He was moving quickly through the crowd of Saturday afternoon shoppers and browsers, his arms gesticulating as he moved about, at times wildly, yet carefully. He touched no one and no one had to get out of his way, although they did. His deftness of movement belied his size. As an ice dancer skates about the rink, so did he, around the startled shoppers.


I started following him as soon as I saw him. I wrote, occasionally, for the local paper, free-lance. I was a journalist when I was in the Navy. I never really pursued it though, when I got out; not enough money and not enough patience, and I found I was uncomfortable pestering people. My editor, a Lieutenant, told me I was too sensitive. But as I watched him I could see my by-line and the title: WILD MAN INVADES LOCAL MALL. A cartoon conductor guiding his imaginary orchestra, his long dark hair, moving, as if in a wind, his arms, long appendages, giving direction. Yeah, I was following this guy. This was a story.


I followed as closely as I dared, without overtaking him, actually leaning forward in an attempt to hear what he was saying. It was kind of funny. People were clearing a path for him. It was as if they knew he was coming before they heard him. I was very close to him when he abruptly stopped in front of a bookstore. I stopped too, several feet away. He stood there staring into the glass. I moved slightly closer, to try to see what he was seeing.


“Do you think He hears me?” he asked.


I noticed his eyes were red. I saw tears.


“Who? What are you talking about? God?” I asked quickly, with I’m sure some trepidation in my voice.


“I’m not going to stop until He answers me,” he yelled back at me as he turned and walked into the flow of shoppers.


I followed, staying further behind this time. He walked quietly for a short while. He wasn’t moving his arms, he wasn’t yelling. I thought it was over. I felt a little disappointed, but then he yelled out something unintelligible and stretched out his right arm, only just missing a young man. He hurried now, towards the fountain.


It seems like every shopping mall I’ve ever been in had a fountain. On the weekends the circumference of the fountain area is full of young people and wary eyed parents keeping an eye on their impatient children, but this Saturday the throng of people at the fountain dispersed en masse when the dervish with the long hair and swinging arms came close. I smiled at the scene.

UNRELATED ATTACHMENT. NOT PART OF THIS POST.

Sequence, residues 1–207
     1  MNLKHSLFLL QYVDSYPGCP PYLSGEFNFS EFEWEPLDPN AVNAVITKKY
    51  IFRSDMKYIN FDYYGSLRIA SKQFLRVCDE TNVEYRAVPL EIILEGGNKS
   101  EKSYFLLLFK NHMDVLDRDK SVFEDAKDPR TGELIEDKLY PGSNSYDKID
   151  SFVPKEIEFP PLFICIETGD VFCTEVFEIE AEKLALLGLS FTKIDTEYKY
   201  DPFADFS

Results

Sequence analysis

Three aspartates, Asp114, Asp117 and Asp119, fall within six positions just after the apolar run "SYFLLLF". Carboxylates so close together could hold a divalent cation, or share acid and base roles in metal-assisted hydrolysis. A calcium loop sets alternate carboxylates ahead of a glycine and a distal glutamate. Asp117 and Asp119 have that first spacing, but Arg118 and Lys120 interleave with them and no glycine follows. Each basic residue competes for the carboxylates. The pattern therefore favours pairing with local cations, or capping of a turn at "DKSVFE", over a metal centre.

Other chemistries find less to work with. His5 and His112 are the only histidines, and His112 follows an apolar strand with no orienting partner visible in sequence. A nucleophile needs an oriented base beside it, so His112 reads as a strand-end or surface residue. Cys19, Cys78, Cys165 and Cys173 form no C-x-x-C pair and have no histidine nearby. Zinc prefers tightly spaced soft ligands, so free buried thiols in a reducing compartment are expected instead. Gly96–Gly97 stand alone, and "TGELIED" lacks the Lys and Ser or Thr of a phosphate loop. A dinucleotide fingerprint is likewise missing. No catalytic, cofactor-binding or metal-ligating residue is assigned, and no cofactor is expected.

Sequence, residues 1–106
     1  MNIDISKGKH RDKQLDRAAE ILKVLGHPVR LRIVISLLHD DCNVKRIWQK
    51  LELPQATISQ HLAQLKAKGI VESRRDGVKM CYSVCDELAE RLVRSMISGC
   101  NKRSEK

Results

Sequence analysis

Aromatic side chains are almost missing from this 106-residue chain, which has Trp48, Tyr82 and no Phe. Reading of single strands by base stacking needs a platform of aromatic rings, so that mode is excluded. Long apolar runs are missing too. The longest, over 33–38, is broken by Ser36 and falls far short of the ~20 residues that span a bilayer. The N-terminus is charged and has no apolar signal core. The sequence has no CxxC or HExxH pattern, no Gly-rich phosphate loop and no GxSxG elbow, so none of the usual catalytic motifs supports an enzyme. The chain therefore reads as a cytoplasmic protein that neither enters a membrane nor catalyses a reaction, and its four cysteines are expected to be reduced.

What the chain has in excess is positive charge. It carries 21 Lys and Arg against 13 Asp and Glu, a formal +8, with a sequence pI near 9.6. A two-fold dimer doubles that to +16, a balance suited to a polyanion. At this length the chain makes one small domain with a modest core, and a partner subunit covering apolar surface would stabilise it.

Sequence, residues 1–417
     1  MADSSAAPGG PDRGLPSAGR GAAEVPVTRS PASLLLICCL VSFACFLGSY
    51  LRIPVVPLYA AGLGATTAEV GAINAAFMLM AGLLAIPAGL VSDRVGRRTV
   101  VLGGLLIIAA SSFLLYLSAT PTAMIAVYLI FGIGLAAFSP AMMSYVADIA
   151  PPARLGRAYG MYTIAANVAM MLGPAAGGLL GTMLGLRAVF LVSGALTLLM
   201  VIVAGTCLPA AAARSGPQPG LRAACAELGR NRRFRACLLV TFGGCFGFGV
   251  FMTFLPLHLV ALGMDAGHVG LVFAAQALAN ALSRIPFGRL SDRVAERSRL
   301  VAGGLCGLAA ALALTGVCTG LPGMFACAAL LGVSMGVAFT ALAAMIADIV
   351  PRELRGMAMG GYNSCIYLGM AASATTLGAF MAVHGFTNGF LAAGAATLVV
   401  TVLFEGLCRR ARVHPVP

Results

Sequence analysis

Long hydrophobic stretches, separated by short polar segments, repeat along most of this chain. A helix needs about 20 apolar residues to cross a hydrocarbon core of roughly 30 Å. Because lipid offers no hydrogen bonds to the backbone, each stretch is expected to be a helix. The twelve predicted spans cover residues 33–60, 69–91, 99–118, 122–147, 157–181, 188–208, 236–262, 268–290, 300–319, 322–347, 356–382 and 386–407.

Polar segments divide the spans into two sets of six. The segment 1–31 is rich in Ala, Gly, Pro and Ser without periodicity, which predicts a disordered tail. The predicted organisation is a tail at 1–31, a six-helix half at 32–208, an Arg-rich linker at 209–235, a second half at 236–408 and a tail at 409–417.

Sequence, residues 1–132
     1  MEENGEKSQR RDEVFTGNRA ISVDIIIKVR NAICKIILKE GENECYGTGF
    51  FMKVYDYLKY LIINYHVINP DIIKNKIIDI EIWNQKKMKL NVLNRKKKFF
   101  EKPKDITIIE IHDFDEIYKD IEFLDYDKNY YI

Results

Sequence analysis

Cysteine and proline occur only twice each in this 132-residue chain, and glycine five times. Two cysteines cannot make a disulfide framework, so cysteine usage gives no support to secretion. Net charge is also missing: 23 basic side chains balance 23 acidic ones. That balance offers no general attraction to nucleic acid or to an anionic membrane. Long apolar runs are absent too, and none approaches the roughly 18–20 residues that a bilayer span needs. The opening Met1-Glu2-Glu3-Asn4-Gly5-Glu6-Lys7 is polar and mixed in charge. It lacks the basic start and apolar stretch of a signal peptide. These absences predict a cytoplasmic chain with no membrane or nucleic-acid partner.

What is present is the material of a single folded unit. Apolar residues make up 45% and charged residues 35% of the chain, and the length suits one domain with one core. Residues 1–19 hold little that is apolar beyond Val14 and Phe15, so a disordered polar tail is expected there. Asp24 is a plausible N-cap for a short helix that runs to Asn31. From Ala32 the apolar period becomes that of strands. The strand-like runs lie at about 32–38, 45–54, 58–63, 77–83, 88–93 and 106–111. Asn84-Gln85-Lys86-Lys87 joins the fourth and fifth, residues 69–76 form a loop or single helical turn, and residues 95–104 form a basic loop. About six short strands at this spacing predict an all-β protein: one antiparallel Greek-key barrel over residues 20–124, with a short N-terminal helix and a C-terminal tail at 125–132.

Two men, I noticed, to the right, were fast stepping towards him. They weren’t in uniform but I assumed they were policemen, or, at the least, security personnel. They came up from behind, one on either side. They grabbed his flailing arms and continued to walk him past the fountain. He turned his head to each side, trying, I assumed, to see who had a hold of him – back and forth, straining to see who his captors were. He offered no resistance, and he was quiet now. Some people pointed towards the quick spectacle and talked to each other, and some were laughing. One man in particular, got up hurriedly from his seat at the fountain and, with an incredibly large grin, literally ran into a nearby store and stood, peaking from behind a mannequin, smiling from ear to ear, safely watching the capture of the wild walker.


He was taken, not as I would have thought, through some corridor to the security office, but directly outside to a waiting police car. An officer hurriedly got out of the car when the trio approached. He opened the back door and after handcuffing him – he offered no resistance – he very gently, but very quickly, placed him into the back seat. Then one of the security men said something to the policeman and they both smiled.


I walked up to them and asked what was to become of this guy. The policeman said he was going to take him to the nearest hospital, St. Joseph’s. He explained that he was familiar with him. There had been several encounters in the last few months. He lived with his sister, he said. He took him there after one incident at a convenience store. She told him that he was an ordained minister. He had a breakdown about a year ago and he was removed from his parish. He came to live with her after that. He was in counseling and he didn’t always take his medication. She told him that he was in a crisis of faith. Then he said that he’d probably be held overnight for observation and then released. “He’s harmless, just a lost soul now.” One of the security guards said that he’d seen him at the mall before, but this was the first time he got so rambunctious. The officer then turned to leave, and said, almost inaudibly – like a mumble – something about hoping he “kept the handcuffs on this time.”


I decided then not to pursue this, this story. His world belonged to him. He was having enough trouble. What would be accomplished? Why further embarrass him, or his sister? I felt sorry for him.


I watched the squad car drive away when I noticed he was all over the back seat, his hands flailing wildly. The car rocked back and forth as they drove through the lot. I wondered how he did that.


“The End”